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From recruiting to office culture, it’s no secret that millennials have dominated conversations about the workplace. Just when we thought we had begun to understand millennials, a new cohort entered the workforce: Generation Z. Gen Z, consisting of those born between 1995 and 2015, is the single largest generation in the U.S., accounting for nearly 61 million people and 26% of the current U.S. population. It’s time for us, as employers, to turn our attention to them and begin preparing for this incoming workforce. Let’s take a look at how Gen Z will shake things up.
Gen Z: What’s Different?
When millennials entered the workforce, they fundamentally changed the future of work. Unlike past generations, they don’t stay with an employer longer than a few years, aren’t afraid to ask for what they want from their careers and they want to feel a connection with their employer that goes beyond a paycheck.
As a result, voluntary employee benefits — i.e., any benefits outside of and complementary to core medical, dental and vision insurance, including student loan repayment assistance, supplementary health insurance and pet insurance — became the de facto way to cater to those employees. Over 90% of millennials surveyed reported that they would prefer additional benefits over a pay raise.
Not to be underestimated, Gen Z is next in line and poised to further disrupt the future of work. From communication to how they make decisions, they are comfortable with using technology in every avenue of their lives. Voluntary benefits will become even more important to Gen Z as they seek out employers that are complementary to and support their lifestyles.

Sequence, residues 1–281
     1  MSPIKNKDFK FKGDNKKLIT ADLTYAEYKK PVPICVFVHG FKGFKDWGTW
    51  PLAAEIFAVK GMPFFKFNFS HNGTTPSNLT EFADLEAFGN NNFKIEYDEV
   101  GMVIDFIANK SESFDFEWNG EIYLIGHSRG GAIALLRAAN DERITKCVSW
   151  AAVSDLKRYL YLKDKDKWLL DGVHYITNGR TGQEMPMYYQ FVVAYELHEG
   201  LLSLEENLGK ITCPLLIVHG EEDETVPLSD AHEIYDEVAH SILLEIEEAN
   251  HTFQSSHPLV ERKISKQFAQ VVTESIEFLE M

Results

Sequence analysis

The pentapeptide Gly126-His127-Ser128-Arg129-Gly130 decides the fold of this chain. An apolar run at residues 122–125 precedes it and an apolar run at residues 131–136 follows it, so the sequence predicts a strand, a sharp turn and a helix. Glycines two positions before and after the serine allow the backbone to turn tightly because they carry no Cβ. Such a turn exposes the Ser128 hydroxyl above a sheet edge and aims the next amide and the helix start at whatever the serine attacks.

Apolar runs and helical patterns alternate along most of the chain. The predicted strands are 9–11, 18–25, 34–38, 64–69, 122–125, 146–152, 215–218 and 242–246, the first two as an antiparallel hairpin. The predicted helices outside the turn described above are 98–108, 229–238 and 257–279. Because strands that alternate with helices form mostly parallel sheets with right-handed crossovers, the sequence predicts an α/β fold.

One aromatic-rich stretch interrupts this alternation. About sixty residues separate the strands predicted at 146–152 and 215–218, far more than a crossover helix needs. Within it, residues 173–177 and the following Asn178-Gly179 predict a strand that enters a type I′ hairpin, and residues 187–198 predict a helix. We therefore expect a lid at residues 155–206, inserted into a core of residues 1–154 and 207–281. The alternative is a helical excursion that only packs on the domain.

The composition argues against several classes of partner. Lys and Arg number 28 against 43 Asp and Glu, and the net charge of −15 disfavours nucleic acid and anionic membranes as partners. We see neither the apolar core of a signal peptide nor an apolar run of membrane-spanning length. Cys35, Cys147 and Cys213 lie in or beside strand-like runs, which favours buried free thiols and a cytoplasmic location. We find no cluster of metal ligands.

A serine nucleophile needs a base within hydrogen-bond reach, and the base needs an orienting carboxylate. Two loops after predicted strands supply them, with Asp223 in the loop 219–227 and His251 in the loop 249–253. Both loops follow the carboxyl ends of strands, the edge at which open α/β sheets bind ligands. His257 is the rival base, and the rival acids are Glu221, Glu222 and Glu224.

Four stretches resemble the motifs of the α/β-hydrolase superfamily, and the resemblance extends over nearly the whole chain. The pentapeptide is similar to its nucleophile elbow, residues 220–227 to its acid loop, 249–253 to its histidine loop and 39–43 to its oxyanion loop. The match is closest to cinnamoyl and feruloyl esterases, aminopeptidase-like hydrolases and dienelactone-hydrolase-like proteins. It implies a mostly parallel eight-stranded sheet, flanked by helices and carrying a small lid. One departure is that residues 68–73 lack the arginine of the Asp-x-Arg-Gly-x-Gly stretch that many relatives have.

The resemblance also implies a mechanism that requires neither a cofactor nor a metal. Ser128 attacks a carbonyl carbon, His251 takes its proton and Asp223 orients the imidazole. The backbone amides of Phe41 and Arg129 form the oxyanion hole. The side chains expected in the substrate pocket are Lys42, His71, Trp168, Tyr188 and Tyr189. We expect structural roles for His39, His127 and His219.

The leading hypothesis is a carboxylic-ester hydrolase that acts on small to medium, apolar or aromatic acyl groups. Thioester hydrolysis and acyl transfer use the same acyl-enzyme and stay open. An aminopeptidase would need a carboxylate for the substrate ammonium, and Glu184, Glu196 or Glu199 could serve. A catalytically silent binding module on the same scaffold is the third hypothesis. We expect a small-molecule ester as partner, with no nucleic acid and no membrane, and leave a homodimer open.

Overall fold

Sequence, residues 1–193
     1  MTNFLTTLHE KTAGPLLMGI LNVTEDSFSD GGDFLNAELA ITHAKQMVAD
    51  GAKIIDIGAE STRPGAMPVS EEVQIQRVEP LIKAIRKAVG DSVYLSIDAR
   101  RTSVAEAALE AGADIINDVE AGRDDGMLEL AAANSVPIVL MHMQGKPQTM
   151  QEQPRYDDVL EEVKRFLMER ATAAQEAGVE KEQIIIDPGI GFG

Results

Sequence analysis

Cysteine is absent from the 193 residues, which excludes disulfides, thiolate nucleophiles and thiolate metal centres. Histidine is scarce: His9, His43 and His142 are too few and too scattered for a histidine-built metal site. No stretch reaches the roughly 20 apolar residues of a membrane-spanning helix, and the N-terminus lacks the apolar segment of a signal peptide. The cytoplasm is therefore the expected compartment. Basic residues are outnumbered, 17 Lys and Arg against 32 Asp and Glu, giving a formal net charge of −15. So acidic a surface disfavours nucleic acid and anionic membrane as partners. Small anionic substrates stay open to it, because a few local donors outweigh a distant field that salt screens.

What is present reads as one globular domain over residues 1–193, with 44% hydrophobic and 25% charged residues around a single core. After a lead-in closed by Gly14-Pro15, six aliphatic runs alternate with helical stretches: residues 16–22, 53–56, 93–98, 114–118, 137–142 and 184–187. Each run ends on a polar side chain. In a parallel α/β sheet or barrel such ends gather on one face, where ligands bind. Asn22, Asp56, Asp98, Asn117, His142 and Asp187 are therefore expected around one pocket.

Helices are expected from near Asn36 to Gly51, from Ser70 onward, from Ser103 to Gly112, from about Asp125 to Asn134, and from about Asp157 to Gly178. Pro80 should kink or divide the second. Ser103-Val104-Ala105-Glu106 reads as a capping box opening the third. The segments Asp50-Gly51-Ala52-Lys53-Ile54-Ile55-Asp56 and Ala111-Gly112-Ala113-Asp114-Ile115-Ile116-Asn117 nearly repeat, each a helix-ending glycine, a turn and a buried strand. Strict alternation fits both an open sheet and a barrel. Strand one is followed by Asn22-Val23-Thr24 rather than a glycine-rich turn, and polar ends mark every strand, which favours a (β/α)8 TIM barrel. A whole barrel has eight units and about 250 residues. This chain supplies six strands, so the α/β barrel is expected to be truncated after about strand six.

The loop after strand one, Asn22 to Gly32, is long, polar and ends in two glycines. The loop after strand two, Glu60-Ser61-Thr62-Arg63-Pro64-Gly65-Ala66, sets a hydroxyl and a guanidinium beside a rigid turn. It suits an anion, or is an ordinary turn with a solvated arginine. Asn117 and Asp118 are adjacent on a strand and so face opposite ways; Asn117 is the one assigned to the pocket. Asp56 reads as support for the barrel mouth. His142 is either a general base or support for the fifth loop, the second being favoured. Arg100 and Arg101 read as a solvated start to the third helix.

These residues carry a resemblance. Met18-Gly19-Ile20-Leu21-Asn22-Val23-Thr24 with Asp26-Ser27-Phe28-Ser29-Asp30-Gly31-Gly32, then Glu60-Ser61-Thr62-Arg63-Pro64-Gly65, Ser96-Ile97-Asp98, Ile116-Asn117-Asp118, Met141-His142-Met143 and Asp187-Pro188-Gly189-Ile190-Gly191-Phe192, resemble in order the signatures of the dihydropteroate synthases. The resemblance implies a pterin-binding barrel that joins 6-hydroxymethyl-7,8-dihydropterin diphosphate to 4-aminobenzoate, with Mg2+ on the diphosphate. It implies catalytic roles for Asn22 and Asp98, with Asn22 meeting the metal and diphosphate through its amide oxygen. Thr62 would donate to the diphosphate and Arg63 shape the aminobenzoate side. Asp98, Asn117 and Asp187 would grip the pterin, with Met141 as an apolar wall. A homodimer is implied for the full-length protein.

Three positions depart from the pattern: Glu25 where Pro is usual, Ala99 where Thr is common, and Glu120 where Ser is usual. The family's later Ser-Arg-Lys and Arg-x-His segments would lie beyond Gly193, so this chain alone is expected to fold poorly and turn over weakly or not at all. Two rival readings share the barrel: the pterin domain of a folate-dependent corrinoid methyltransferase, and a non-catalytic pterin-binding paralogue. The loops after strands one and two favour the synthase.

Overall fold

Employers Must Brace Themselves For A New Challenge: Personalization
Knowing what we do about Gen Z and the motivations behind how they approach their careers, employers must be ready to yet again make fundamental changes to the way they approach benefit offerings to attract and retain Gen Z employees. With Gen Zers more likely than their millennial counterparts to hop from one job to the next, employers must be prepared to provide holistic work experiences and engage with their Gen Z employees to keep them happy. I recommend discussing with potential new hires the types of benefits they are looking for because this will bridge the gap between you (the decision-maker) and them (the employee) and give you the chance to be culturally competitive.
The problem is that, rather than facilitating employee benefits to meet the unique needs of their employees, employers (and by extension, HR teams) have become gatekeepers. Because employers are typically risk-averse when it comes to employee benefits, they usually only provide benefits offerings they are familiar with, such as core benefits like medical or dental insurance, and only from providers they have known for ages — typically large, national brands. This outdated approach to benefits administration limits the employee’s ability to pick and choose the benefits that will best support their lives and discounts how savvy and sophisticated employees are. I recommend giving new employees the opportunity to choose their own voluntary benefit package, much like they choose their own core benefits package. This gives each employee the opportunity to make decisions based on what’s best for their lifestyles. Take the risk here; personalization truly is the future, and by laying the groundwork now, your company will retain happier employees.